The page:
9/11, anything can happen, Art, cognitive itch, Dr. Victoria Williams, earworms, involuntary music imagery, Memoir, Moving Memories Phoenix Arizona, Moving Memories Phoenix Memorial, music memory, New York, New York City, Northern Ireland, Rolling Stones, Seamus Heaney, Shattered, terrorism, The Rolling Stones, Themes of childhood, World Trade Center 11 years on
The Rolling Stones “Shattered” was stuck in my head all weekend long, not all of it, just a few bars, just enough to be maddening. Not the first time, nor will it be the last, for me to fall prey to an “earworm.” I’m not alone. It turns out, according to psychologist Dr. Victoria Williams that 90% of people experience this “involuntary musical imagery” at least once a week, whereby “a tune comes into the mind and repeats without conscious control.” There are other words for it too according to the International Conference on Music and Cognition website – Dr. Oliver Sacks calls it “sticky music” or “brain worms,” Dr. James Kellaris describes it as a “cognitive itch,” which, he suggests may be relieved by singing aloud the mental tune. Dr. Daniel Levitin, who studies the neuroscience of music, refers to it as “stuck song syndrome.” Levitin also points out that “the songs that get stuck in people’s heads tend to be melodically and rhythmically simple.” Not to diminish the genius of Jagger and Richards, “Shattered” is not a complex tune. Then again, the same might well be said of the opening four notes of Beethoven’s Fifth Symphony.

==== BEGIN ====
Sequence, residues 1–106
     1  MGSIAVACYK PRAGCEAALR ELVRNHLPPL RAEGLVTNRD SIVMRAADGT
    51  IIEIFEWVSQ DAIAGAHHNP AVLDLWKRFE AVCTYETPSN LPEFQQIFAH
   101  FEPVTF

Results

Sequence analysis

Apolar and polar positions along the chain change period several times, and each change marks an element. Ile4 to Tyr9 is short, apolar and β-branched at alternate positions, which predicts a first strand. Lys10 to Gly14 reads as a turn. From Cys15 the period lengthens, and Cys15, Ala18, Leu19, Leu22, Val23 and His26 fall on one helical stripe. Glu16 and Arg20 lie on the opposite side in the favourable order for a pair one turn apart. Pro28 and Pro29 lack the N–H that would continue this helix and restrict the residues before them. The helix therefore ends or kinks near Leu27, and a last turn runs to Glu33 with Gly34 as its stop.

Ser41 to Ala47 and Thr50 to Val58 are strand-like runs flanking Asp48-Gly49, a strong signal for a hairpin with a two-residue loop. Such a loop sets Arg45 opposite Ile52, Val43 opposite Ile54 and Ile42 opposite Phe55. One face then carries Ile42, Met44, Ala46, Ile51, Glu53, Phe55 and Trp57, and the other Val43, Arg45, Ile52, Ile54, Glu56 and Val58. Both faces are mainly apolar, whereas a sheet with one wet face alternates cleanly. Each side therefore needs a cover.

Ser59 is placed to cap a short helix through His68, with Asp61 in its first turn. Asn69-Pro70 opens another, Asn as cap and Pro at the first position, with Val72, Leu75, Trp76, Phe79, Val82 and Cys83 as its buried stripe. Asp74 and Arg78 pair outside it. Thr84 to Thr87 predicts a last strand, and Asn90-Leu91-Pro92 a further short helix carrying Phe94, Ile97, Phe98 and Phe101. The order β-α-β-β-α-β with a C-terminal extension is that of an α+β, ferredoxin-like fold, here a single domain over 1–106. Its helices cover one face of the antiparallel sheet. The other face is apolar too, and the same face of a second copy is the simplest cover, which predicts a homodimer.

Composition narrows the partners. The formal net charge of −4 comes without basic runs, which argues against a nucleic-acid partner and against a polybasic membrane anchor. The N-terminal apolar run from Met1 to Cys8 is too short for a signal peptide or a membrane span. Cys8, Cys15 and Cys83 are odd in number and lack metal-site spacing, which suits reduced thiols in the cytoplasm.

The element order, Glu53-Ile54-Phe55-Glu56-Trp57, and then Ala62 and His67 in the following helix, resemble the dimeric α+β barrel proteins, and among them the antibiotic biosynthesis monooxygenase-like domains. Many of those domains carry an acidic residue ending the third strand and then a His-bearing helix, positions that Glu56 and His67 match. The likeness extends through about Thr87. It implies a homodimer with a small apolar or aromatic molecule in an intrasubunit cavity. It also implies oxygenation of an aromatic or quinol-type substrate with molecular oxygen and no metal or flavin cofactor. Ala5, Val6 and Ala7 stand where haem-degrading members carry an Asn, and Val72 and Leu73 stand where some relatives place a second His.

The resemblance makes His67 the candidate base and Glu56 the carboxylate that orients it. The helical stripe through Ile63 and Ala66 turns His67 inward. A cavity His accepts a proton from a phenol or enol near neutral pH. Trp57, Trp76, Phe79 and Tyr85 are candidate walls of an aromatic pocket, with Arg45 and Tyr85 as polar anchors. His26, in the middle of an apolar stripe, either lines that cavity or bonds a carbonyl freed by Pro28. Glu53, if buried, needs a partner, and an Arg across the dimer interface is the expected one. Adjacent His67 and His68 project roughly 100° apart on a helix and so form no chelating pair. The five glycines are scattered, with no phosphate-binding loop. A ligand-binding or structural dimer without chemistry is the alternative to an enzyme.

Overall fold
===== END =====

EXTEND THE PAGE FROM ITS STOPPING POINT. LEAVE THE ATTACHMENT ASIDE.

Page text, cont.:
Because music memory is unconscious, so effortless, researchers like Dr. Williamson are fascinated by the implications of understanding it, hoping that if they can better understand why some songs “stick” more than others, they might also find that music memory could help treat patients who suffer from memory loss. Williamson tells NPR’s Jon Donvon that because songs are typically recalled with such accuracy, “this tells us something about the automaticity of musical memory and its power as a tool for learning . . . imagine if we could recall facts that we wanted as easily as we can bring new ones to mind without even trying.” Imagine, indeed. Anyone interested in learning more about the music in their head, can visit The Earwormery to participate in research studies being conducted by a team at Goldsmiths, University of London and BBC 6Music.
Back to the Rolling Stones and “Shattered.” I know what caused this “cognitive itch.” It began with a random email from my brother, which in part, read as follows:
… it’s easy, given the antics of The Rolling Stones in their dotage, to forget what a brilliantly bratty, snottily subversive band they once were. Today, the workings of the shuffle function on my iPod unexpectedly presented me with ‘Shattered’ from ‘Some Girls‘. What a great song! I recall once reading an interview with the New York songwriter Ed Hammell. He recalls being in a bar in Manhattan just a couple of days after 9/11. There was a disco in the bar, and people were dancing to the usual floor-filling favorites, probably trying to forget about the horror of terrorists having blown the heart out of their city. ‘Shattered’ came on, its pumping, driving rhythm prompting whoops and hollers and dancing, until that line which Mick Jagger delivers with the utmost indifferent cheek, “Life an’ joy an’ sex an’ dreams are still surviving on the streets, an’ look at me . . . I’m in tatters. I’m shattered . . .” and within seconds those on the dance floor were embracing each other tightly and weeping uncontrollably. And the way they stayed so, until the song ended, struck Hammell as one of his saddest and yet most affirming memories of post 9/11 New York.